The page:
Former President Barack Obama announced Thursday that he would campaign in New Jersey and Virginia on behalf of the Democratic gubernatorial candidates ahead of next month’s election, which many have speculated could turn into a referendum on Donald Trump’s presidency.
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Whether or not Obama’s decision to re-enter the political foray helps either candidate -- Democrat Phil Murphy who’s running against Republican Lt. Gov. Kim Guadagno in New Jersey, and Democrat Ralph Northam in his campaign against Republican Ed Gillespie in Virginia -- remains to be seen.
“In New Jersey, we don’t care,” comedian Joe Piscopo told FOX Business’ Neil Cavuto “We’re not impressed with anybody. It doesn’t make any difference that the president is coming to town, nobody cares. With due respect to President Obama, by the way. He is a rockstar.”
Early this week, Vice President Mike Pence spoke in Abingdon, Va. on behalf of Gillespie. Trump has tweeted his support for the gubernatorial candidate as well, writing on Twitter that Gillespie is “fighting to grow the economy & cut taxes! He’s fighting for a safer VA. And he’s fighting for affordable energy & COAL!”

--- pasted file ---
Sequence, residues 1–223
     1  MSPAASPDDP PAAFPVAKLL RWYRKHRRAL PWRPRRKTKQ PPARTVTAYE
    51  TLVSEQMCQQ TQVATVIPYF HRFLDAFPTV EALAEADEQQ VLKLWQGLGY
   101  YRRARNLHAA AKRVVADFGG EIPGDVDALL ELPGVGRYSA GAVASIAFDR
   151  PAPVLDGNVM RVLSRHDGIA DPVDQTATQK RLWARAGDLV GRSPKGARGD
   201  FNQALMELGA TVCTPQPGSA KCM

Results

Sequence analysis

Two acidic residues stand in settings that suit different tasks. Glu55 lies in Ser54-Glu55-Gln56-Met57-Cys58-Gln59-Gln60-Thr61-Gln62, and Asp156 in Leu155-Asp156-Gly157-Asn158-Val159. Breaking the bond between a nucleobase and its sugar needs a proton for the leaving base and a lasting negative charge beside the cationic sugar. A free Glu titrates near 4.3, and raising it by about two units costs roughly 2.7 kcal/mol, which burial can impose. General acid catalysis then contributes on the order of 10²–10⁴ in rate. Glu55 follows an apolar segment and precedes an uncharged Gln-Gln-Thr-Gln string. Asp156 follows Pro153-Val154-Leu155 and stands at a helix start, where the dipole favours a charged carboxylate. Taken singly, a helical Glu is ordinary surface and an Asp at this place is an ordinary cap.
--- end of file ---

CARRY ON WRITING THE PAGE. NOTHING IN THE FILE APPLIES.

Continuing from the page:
Both incumbent Republican Gov. Chris Christie in New Jersey and Democratic Gov. Terry McAuliffe in Virginia are term-limited and cannot run again.
Piscopo, a notable New Jersey celebrity and former “Saturday Night Live” host, toyed with the idea of running as a Republican to replace Christie, but ultimately chose not to do so.
“Honestly, I really, really wanted to go in. I want to go in as an independent too, just to really have fun. Because I know the issues,” he said on “Cavuto: Coast to Coast.” “I stepped down for Lt. Gov. Guadagno. She’s a great gal, and I think she’s a formidable candidate.”
Traditionally, post-presidential elections see the pendulum swing in favor of candidates who are not a part of the party currently in the White House. Some have also said that New Jersey and Virginia could be examples of what 2018 mid-term elections will look like.
Elections will take place on Nov. 7.